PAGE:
In July of 1989, I glimpsed my future. It wasn’t a vision so much as a yearning, one deeper than I had known. I was 18 years old, recovering from a tonic-clonic seizure. The nausea churned, a clean bucket by my bedside just in case. The mid-morning sun splashed against the walls in golden streaks, though I felt no joy.
The sweet smell of cookies wafts through Artez Thompson’s kitchen. Pumpkin spice, black walnut, chocolate hazelnut. Once they cool, he’ll glaze them with purple frosting in honor of Epilepsy Awareness Month, his busiest time of year.
The banging came in frantic blasts, each more desperate than the last. Soles slamming against wood until it splintered, the man’s shouts growing shriller by the second. It was the sound of a distraught father kicking in the bathroom door. So loud was the commotion, it woke everyone in the house. But 20-year-old Gordonnay Gaines…
Jacqueline Dinicola brings Cody with her everywhere. The red merle Australian shepherd is her lifeline. Dinicola, 23, of Anza, Calif., was diagnosed with epilepsy at age 4, after a tonic-clonic seizure on Independence Day. She came to the service dog world by chance, seeking a playmate for her dog Lola. From the start, Cody had other plans.
The diagnosis hit in mid-May, casting a shadow over the spring like the long winter had never ended. Thirty years old, the doctorate in full swing, and then. They came out of nowhere. Two tonic-clonic seizures three weeks apart. The first in the shower, the second in an Indiana Cracker Barrel. Sara Kennedy received her epilepsy diagnosis at age 30. Getting used to adult epilepsy has been a process, she says.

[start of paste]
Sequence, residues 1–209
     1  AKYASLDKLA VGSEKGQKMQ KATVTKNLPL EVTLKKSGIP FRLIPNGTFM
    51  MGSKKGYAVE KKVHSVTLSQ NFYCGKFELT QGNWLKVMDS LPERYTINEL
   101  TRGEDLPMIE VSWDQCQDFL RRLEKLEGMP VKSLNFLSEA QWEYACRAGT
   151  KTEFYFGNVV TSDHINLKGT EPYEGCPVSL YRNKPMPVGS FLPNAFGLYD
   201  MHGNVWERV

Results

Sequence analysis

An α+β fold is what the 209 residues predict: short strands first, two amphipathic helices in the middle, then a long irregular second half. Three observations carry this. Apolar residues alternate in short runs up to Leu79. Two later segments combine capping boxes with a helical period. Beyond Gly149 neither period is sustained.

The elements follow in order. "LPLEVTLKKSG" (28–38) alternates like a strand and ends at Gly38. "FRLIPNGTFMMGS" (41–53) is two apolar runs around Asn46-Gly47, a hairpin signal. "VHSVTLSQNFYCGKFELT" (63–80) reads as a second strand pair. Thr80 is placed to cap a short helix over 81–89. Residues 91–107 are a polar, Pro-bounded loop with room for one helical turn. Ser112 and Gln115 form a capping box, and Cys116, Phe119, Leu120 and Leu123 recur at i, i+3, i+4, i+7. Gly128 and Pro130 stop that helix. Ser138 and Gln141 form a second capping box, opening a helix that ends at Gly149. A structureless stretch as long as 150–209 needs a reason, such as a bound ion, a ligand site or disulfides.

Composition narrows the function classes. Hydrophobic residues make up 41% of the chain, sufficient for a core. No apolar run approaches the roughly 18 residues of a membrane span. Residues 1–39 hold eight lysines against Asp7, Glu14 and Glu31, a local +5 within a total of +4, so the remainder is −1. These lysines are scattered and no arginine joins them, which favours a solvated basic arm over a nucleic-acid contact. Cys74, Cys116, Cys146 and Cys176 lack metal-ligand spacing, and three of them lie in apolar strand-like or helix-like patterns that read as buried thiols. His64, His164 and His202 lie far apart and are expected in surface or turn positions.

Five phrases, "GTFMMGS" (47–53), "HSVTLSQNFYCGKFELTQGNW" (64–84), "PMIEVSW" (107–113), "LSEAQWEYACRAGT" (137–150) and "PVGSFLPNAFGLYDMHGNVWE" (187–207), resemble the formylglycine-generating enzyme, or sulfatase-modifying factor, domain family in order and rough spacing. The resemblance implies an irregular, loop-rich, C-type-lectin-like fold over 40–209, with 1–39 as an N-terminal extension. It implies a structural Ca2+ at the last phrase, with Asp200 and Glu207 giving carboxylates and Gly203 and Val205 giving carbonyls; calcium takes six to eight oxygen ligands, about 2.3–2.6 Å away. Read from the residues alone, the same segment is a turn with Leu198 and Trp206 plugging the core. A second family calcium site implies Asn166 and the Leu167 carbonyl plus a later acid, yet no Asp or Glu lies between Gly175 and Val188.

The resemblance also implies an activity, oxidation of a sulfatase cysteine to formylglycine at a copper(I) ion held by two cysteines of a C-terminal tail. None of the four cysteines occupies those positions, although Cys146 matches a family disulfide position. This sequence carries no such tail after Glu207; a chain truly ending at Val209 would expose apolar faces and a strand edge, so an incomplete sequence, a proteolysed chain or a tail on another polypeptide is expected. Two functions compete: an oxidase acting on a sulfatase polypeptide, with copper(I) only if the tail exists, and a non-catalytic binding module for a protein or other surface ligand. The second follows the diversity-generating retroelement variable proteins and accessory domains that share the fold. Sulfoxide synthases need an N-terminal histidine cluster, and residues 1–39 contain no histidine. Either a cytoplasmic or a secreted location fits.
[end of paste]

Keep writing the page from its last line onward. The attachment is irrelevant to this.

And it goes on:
In 2011, while Prince William and Kate Middleton were tying the knot in a wedding for the ages, 16-year-old Antonia Laviolette was having her first tonic-clonic seizure. She almost didn’t live to see another day. “I stopped breathing,” Laviolette says. “My mom shouted, ‘It’s not your time to go!’ That brought me back to life.”
He crested the peak like it was the last thing standing between him and paradise. His feet so blistered he could barely walk, still he’d made the climb, every last step of it.
From atop Draupadi Ka Danda II in northern India, Siddharth Singh Kasana peered down at the world 5,700 meters below, his heart full. Beyond the reflection of his sunglasses, no one could see the tears, hot pools pressed against ice-crusted lashes. But they were there.
“I have goals, but it’s difficult to achieve them,” Sharon says.
The 42-year-old mother of three from the outskirts of London is a rarity. Twelve years of epilepsy and its treatment have dulled her memory, yet she remains painstakingly self-aware. She treasures her self-awareness as she would an heirloom. After all, she’s worked hard to retain it.There’s a rawness, a candor, in Sharon’s story that supplies its power.
Twenty-three years have passed since Tom’s last seizure. There was a time when such a span would have seemed just a dream to him. Now, he’s living it. “I don’t even think about seizures anymore,” he says.